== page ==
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So, it's time for new rear shocks for my 96 Impala. Previously I have just had the shop do them, as it looked hard to do. But, having read all the posts describing the hot setup for doing it, I decided to tackle it myself. Armed with a stubby 1/4 inch drive ratchet and a 13 MM socket for reaching the top nuts, and an air wrench and long extension with a 10mm socket on it for the bottom bolts, I tackled the easier inboard one. It went pretty easy. Flush with pride at my success, and filled with a feeling of mechanical mastery, I went on to the slightly harder to reach outboard bolt. When I pressed the go button on the air ratchet, everything started to turn - then bound up a little, and yanked the stubby ratchet out of my fingers and threw it into the frame where I can't reach it.

Anyone else have this happen to them? Anyone succeed in retrieving the tool? Or shall I just hope that it settles in good and doesn't rattle...one thing's for sure, I'm tying a lanyard on the replacement for when I start on this tomorrow...
 

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Can't help you much on finding the lost tool except to say if you have a general idea where it went/landed, try to use a long magnetic tip type tool with a flexible wand. Picked 1 up cheap from harbor freight and it's helped me retrieve many bolts/nuts that were accidentally dropped into unseen or hard to reach areas.

I've only done the rear shocks once but don't really remember having much trouble with all 4 bolts. If you can survive the dreaded 5th brake hose replace, then you can damn near tackle any repair on these cars. ;>). It's been a while since doing this, but pretty sure I managed to get a open or boxed end wrench on top to hold the nut. Then just used a long extension and socket to remove the bolt from below.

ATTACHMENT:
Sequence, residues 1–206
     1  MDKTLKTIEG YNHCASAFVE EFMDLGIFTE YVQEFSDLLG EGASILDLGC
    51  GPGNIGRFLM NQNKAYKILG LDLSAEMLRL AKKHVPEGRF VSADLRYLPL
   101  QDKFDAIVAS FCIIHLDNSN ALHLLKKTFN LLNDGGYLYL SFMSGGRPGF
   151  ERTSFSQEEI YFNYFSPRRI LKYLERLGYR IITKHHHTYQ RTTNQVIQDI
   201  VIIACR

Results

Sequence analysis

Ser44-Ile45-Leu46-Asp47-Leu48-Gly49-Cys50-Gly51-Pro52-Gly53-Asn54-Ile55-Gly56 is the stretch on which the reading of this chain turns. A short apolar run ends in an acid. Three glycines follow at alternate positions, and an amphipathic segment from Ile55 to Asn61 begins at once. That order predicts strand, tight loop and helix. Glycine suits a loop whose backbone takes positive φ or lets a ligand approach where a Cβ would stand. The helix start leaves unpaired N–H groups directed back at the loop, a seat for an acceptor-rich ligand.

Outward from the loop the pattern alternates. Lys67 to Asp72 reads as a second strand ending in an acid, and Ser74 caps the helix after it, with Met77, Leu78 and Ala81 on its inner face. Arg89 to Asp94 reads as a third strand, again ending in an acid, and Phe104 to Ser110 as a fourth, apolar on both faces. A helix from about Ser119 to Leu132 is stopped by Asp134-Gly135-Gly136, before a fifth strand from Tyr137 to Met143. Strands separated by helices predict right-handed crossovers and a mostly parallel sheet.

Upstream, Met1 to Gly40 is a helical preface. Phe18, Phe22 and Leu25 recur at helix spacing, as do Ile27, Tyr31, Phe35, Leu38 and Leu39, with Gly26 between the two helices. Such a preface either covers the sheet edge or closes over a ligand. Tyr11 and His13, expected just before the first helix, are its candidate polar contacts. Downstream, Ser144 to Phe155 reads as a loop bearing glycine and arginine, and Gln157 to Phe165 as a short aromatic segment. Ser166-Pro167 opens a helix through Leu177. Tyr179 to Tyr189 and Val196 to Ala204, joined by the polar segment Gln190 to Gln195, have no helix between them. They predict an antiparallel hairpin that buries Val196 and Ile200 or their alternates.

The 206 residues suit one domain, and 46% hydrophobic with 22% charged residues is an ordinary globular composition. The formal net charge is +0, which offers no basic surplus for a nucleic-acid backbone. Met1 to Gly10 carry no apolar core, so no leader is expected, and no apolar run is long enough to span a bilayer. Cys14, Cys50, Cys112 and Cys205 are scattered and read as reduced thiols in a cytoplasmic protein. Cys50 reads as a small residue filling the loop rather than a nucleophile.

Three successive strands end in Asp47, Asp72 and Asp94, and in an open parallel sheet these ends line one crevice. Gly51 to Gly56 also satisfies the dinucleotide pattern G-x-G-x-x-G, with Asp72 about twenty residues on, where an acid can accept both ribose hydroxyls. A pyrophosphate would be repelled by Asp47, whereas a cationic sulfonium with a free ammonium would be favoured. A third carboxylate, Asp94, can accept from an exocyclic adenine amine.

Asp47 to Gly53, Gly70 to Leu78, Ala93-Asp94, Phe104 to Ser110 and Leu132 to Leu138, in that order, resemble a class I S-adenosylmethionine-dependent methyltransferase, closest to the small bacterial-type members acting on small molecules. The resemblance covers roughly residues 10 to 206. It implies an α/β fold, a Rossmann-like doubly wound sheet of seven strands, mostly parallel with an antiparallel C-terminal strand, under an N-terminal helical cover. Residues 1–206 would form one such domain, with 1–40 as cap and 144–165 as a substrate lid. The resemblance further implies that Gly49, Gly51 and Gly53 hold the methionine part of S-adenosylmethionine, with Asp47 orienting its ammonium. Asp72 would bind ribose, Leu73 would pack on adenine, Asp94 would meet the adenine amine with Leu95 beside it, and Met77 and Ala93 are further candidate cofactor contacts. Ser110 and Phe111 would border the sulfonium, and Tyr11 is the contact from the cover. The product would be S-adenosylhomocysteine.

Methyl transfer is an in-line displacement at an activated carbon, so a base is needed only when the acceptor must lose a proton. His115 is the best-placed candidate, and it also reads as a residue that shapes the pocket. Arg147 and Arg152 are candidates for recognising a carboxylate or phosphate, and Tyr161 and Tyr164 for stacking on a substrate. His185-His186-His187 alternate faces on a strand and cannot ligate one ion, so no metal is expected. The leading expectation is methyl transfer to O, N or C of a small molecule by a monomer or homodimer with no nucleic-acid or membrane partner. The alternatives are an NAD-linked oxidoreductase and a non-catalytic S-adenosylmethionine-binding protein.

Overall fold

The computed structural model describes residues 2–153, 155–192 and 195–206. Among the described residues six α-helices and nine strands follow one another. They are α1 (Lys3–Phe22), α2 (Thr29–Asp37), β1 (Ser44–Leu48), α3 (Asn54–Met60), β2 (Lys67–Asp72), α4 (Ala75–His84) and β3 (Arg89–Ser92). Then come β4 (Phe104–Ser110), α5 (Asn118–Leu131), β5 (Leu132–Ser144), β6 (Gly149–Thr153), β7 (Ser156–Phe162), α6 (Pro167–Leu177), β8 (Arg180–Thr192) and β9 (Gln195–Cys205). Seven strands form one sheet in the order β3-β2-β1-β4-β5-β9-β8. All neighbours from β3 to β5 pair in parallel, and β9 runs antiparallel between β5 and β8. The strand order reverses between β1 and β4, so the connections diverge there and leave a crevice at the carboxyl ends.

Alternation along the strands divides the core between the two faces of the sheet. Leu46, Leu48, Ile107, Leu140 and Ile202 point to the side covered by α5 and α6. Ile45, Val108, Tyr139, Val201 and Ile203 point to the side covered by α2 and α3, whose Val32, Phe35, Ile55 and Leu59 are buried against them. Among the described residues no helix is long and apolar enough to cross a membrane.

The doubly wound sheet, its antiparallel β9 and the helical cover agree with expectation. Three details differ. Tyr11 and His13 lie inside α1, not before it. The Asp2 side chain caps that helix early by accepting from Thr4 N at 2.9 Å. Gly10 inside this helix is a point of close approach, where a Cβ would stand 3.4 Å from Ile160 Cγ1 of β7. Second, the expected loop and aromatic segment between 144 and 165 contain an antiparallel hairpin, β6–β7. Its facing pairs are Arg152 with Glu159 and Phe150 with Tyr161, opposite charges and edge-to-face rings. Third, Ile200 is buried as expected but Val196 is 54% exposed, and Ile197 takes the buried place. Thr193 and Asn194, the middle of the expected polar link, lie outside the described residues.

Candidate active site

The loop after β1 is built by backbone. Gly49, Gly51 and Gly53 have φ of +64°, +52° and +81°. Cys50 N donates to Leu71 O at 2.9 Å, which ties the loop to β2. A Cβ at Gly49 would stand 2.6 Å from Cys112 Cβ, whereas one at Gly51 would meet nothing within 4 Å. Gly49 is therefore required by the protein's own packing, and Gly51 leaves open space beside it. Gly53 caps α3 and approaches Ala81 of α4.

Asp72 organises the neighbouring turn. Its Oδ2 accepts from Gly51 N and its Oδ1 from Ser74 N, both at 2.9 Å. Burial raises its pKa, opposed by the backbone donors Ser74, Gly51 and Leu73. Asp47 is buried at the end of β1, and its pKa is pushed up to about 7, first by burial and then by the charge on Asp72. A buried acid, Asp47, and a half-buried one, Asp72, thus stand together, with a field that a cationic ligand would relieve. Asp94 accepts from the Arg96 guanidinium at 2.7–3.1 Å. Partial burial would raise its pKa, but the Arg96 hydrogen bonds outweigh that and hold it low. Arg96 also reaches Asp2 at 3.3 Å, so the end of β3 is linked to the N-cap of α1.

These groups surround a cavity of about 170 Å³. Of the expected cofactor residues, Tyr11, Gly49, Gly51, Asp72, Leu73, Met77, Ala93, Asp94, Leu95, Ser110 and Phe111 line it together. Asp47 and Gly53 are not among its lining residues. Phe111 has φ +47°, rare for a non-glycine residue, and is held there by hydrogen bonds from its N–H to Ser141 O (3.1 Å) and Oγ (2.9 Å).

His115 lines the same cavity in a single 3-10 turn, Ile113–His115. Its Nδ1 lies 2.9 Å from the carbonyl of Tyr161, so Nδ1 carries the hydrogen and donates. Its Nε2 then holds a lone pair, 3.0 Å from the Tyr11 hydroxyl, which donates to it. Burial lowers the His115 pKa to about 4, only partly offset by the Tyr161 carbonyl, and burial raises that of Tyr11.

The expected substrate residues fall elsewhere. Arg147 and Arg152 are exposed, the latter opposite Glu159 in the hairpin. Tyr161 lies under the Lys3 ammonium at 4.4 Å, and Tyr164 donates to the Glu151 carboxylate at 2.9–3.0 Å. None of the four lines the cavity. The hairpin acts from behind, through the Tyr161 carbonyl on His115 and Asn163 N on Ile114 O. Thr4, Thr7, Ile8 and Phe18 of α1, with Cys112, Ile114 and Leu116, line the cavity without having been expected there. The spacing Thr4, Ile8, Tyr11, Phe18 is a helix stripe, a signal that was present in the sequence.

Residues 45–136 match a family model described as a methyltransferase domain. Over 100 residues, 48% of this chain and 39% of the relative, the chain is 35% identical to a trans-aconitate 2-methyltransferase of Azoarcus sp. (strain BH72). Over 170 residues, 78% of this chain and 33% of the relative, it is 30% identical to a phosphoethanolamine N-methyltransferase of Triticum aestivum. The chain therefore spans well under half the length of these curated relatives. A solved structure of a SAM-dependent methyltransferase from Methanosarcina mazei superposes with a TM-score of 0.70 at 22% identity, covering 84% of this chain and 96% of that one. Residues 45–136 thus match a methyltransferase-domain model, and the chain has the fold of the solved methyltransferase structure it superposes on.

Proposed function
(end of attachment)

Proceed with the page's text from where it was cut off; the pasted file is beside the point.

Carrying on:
FYI - If you've read the threads, then you most likely saw the kit that Bill (NavyLifer) made and sells to make the next time easier. You may want to get his kit if you can wait for it.

Edit - a tool like this.....

http://t.harborfreight.com/flexible-magnetic-pickup-tool-94614.html?utm_referrer=https://www.google.com/
 

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Yep. Same here. Find the box end of a regular combo wrench works best to get in there. Driver side is a 5 minute job when you have single exhaust. A little longer when deal getting your arm up there with exhaust pipe in the way.
 

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This Thing

- and then cut off the other end so it can rotate and bind up on something.
 

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Discussion Starter #5
OK, Thanks all, I managed to get the shock out - used a box end with a steep angle on the head to get onto the outboard nut and spun it right out. Before I put the new shock in I'm fishing for the lost tool...I got the magnet on a flexible wand from Harbor Freight, which is pretty neat but hasn't done the trick. There is what looks like a 1.5 inch rubber plug right next to the top shock mount I'm thinking about pulling out to get more fishing room- before I make any more mistakes, is that a simple rubber plug I can yank out from below, or is it something important not to be messed with? Anyone ever taken it out?